We Are Not the Same as You and I: Causal Effects of Minor Language Variations on Consumers’ Attitudes toward Brands
Aner Sela, S. Christian Wheeler, Gülen Sarial-Abi
Journal of Consumer Research
Chicago Journals | Volume 39, Number 3, October 2012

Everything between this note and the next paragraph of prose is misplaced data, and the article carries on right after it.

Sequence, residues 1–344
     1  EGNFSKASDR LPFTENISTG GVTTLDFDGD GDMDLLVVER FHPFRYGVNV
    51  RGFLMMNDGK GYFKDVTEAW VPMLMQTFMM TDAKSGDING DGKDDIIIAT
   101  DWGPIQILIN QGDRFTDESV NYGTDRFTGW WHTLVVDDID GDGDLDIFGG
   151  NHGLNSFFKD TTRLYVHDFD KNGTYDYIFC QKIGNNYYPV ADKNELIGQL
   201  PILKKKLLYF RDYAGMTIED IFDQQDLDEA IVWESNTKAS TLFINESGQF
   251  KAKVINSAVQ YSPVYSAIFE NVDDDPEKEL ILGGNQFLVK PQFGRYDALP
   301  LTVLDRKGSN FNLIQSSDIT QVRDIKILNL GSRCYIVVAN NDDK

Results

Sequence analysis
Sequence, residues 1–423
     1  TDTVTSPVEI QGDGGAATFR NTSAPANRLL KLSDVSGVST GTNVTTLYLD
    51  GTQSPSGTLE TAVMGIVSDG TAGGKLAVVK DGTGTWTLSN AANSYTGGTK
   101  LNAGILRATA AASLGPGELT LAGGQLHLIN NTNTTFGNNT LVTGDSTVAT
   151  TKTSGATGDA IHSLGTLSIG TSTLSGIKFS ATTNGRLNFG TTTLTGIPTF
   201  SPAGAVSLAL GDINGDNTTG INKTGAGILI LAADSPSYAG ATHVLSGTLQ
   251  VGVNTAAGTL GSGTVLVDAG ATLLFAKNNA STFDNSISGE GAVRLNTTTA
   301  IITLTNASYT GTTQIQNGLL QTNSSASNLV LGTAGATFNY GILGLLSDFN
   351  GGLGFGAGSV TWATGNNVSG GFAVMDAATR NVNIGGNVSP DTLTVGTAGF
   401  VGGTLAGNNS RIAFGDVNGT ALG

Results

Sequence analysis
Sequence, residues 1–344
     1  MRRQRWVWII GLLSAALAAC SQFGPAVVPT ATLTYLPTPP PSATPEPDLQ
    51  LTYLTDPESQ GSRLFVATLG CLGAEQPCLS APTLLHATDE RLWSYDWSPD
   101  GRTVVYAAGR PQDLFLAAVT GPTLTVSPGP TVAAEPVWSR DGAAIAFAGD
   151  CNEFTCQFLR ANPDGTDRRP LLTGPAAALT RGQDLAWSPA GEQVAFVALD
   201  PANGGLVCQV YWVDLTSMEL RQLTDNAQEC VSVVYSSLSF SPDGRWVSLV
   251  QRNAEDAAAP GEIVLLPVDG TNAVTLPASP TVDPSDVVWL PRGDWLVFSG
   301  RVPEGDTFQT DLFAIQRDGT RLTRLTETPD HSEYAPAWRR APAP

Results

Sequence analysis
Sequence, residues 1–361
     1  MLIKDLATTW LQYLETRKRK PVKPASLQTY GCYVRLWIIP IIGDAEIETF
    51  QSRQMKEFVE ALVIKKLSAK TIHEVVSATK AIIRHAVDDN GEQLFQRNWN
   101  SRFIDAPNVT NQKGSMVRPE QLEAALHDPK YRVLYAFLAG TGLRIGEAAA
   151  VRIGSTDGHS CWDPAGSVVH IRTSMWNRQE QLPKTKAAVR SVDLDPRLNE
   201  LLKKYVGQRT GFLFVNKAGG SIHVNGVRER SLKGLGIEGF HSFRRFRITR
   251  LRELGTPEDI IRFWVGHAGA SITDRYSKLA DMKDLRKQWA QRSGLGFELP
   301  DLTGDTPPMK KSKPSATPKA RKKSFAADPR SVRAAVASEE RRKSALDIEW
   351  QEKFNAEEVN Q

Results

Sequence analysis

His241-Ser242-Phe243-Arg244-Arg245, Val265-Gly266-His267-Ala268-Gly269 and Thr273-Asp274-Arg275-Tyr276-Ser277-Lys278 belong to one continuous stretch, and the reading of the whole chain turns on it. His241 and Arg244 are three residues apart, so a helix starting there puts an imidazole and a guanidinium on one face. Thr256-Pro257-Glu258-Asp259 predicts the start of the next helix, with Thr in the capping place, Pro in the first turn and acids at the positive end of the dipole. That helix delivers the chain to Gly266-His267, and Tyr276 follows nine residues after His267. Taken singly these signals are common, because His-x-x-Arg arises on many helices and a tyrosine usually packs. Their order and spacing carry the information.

Can subtle wording changes in marketing communications, such as saying “you and [the brand]” as opposed to “we,” affect consumer evaluation of real-world brands? Despite their importance in interpersonal communication, the effects of such variations in relationship-implying language on consumer perceptions of brands have received little research attention. Closeness-implying pronouns (saying “we” rather than “you and the brand”) can have either positive or negative effects on consumer attitudes toward real-world brands with which they have real working relationships. These effects depend on whether the closeness implied by the pronoun is consistent with expected interactions with the brand. These effects are moderated by affiliation with the brand (customers vs. noncustomers), brand type, and the extent of cognitive elaboration and are mediated by perceived brand trustworthiness. The theoretical and practical implications of these findings are discussed.